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Panel approves Outdoor Heritage Fund grants; Awards include money for Grand Forks river access; exception made for playground equipment

BISMARCK — The North Dakota Industrial Commission awarded 17 grants totaling $2.5 million Tuesday from the state’s Outdoor Heritage Fund, less than half the amount doled out during the first grant round in January.

The second batch includes $75,000 to improve river access in downtown Grand Forks. The three-member commission also made an exception in approving $45,000 for playground equipment in Munich in northeastern North Dakota.

Wade Moser, chairman of the board that advises the commission on which grants to fund, said there were 26 grant requests totaling $6.8 million in the second round, compared with 74 requests for more than $34 million in the first round.

The commission approved 17 grants totaling nearly $5.85 million in the first round, and also clarified what types of projects won’t be considered, including research, paving and swimming pools.

Moser said board members have struggled with grant requests for playground equipment and rejected a lot of them, but they made an exception for Munich “because they went out and go so much local support for this.” The city raised $64,329 in matching funds for the $45,000 grant.

The $75,000 grant for Grand Forks will support a $100,000 project to install a concrete stairway with a removable railing and platforms to provide safe access to the Red River at different levels. The project also will improve access to a boathouse run by a nonprofit group that will rent canoes, kayaks and stand-up paddleboards, according to the city’s grant application.

Moser said the board has rejected grant requests from Fargo and Valley City for projects in flood-prone areas but looked favorably on Grand Forks’ request because of the flood protection already in place. The board approved the grant on an 11-0 vote.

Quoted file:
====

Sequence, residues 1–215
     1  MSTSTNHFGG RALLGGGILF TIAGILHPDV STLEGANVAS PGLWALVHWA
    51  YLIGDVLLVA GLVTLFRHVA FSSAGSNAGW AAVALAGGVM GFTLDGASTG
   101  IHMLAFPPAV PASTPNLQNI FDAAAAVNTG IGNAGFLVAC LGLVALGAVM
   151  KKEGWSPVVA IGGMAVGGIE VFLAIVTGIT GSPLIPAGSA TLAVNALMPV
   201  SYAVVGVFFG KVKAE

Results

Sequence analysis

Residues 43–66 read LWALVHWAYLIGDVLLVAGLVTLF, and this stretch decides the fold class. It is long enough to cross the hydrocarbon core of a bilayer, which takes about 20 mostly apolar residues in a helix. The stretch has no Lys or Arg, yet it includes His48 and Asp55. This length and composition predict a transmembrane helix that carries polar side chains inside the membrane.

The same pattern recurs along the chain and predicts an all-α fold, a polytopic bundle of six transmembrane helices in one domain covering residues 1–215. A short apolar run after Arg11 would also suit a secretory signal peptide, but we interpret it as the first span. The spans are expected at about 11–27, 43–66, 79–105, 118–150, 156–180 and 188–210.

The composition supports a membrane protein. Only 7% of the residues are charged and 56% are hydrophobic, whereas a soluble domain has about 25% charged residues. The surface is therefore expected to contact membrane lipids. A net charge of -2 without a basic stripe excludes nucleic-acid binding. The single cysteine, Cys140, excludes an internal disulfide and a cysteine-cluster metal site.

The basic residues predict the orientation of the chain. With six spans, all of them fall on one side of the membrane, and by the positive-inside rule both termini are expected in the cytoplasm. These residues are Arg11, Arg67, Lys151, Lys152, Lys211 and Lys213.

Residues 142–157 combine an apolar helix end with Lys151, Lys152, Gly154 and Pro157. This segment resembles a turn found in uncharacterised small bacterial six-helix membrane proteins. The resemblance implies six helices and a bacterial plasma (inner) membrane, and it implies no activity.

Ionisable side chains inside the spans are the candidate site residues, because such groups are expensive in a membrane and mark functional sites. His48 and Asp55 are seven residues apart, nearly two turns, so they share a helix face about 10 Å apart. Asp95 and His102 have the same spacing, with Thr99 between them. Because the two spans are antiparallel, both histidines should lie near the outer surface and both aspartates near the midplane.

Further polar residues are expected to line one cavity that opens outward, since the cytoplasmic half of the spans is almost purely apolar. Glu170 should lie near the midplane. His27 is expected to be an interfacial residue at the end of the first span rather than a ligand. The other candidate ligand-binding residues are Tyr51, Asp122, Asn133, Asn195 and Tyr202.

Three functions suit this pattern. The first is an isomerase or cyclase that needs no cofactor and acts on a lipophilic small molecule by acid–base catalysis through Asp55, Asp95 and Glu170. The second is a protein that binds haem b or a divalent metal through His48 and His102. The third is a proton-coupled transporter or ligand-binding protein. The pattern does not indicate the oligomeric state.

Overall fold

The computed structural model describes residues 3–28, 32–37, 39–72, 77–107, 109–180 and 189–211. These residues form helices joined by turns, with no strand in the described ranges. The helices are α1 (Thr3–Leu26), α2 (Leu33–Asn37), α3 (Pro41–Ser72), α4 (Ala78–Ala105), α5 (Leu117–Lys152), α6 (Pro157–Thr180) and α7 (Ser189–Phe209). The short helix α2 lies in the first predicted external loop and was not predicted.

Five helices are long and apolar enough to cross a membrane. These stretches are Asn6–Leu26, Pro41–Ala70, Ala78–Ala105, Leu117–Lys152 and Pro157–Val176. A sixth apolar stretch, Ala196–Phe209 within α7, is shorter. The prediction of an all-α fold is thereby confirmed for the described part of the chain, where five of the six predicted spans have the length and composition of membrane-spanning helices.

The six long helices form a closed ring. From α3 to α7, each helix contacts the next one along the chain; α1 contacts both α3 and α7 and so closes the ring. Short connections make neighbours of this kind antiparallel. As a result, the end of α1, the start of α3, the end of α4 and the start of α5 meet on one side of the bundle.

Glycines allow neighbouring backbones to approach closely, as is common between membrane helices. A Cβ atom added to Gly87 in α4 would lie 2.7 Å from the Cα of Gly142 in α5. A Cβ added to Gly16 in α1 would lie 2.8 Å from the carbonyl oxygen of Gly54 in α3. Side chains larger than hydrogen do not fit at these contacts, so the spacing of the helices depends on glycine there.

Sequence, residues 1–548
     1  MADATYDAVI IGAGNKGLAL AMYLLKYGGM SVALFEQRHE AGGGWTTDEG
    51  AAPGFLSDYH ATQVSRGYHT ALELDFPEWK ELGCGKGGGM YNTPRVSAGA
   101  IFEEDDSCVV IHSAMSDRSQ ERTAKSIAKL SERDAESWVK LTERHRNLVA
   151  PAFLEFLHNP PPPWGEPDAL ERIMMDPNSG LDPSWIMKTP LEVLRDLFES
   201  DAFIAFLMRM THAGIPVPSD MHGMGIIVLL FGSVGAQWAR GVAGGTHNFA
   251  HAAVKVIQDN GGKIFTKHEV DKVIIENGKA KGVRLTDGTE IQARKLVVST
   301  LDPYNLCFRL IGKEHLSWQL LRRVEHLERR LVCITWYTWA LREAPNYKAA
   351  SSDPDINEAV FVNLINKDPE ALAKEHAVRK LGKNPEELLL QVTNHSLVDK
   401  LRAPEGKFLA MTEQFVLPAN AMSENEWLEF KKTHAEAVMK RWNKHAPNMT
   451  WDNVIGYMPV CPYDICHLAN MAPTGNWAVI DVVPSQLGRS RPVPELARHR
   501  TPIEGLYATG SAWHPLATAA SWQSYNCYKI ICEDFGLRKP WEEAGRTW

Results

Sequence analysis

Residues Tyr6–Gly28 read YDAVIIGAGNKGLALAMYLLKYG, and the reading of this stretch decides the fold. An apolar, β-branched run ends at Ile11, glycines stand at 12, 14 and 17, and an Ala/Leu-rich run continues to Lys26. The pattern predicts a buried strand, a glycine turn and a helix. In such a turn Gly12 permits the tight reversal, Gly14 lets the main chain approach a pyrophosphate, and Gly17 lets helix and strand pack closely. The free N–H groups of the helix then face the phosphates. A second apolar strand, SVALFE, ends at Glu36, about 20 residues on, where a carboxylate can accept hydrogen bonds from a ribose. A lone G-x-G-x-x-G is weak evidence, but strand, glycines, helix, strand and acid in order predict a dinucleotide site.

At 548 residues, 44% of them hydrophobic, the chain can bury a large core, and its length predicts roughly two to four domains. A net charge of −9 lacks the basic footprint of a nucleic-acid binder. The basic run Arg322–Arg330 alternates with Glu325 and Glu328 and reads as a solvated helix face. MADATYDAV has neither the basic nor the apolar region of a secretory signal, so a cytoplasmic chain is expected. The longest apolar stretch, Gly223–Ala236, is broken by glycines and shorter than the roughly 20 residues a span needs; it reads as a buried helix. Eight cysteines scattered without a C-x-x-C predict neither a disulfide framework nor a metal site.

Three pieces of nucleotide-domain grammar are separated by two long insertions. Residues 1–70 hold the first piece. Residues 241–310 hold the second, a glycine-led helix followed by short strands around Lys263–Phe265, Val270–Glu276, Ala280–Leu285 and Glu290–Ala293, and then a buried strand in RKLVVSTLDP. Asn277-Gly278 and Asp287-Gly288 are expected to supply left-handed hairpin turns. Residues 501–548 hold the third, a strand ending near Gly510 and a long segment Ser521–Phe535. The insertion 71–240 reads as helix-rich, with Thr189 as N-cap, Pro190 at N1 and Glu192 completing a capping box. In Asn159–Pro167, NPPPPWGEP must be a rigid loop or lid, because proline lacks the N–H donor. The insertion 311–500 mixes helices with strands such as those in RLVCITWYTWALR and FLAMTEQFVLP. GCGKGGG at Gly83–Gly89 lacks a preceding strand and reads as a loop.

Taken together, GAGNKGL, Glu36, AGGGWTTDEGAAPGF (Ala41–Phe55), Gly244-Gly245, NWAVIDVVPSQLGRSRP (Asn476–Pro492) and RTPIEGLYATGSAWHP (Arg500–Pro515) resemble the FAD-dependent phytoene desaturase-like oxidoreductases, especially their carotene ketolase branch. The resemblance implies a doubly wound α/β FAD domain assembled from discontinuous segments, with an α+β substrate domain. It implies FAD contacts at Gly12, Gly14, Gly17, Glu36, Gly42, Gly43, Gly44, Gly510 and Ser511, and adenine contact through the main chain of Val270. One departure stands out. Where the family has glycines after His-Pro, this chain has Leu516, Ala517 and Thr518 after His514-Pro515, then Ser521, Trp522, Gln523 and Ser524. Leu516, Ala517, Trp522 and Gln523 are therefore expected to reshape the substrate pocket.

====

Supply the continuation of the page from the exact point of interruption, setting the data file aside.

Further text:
“We wanted to send a signal to these others that there’s going to be money available for these projects” once their flood protection plans are in place, he said.

The state Legislature created the Outdoor Heritage Fund last year, limiting the grants to $30 million every two years from state oil and gas production tax revenue. Three grant rounds remain this biennium, with the application deadline for the next round on Aug. 1.

Gov. Jack Dalrymple, who chairs the commission, asked Moser if he was surprised the board hadn’t received more, larger grant applications from organizations such as Ducks Unlimited and Pheasants Forever.

“I would have thought by now they would have some pretty big requests in to you,” he said.

Moser noted Ducks Unlimited made a $710,400 request, but it wasn’t funded because the group has a similar existing program. He said he expects the board will see more applications from smaller groups in the next round because the North Dakota Petroleum Council has hired a consultant to help wildlife chapters apply for grants.

“I think that’s going to be very positive,” he said.

The list of grant awards is contained in the commission’s agenda posted online at /ic-press/magenda.pdf.

The commission also approved a new Outdoor Heritage Fund logo, designed by the state Game and Fish Department.

Reach Mike Nowatzki at (701) 255-5607 or by email at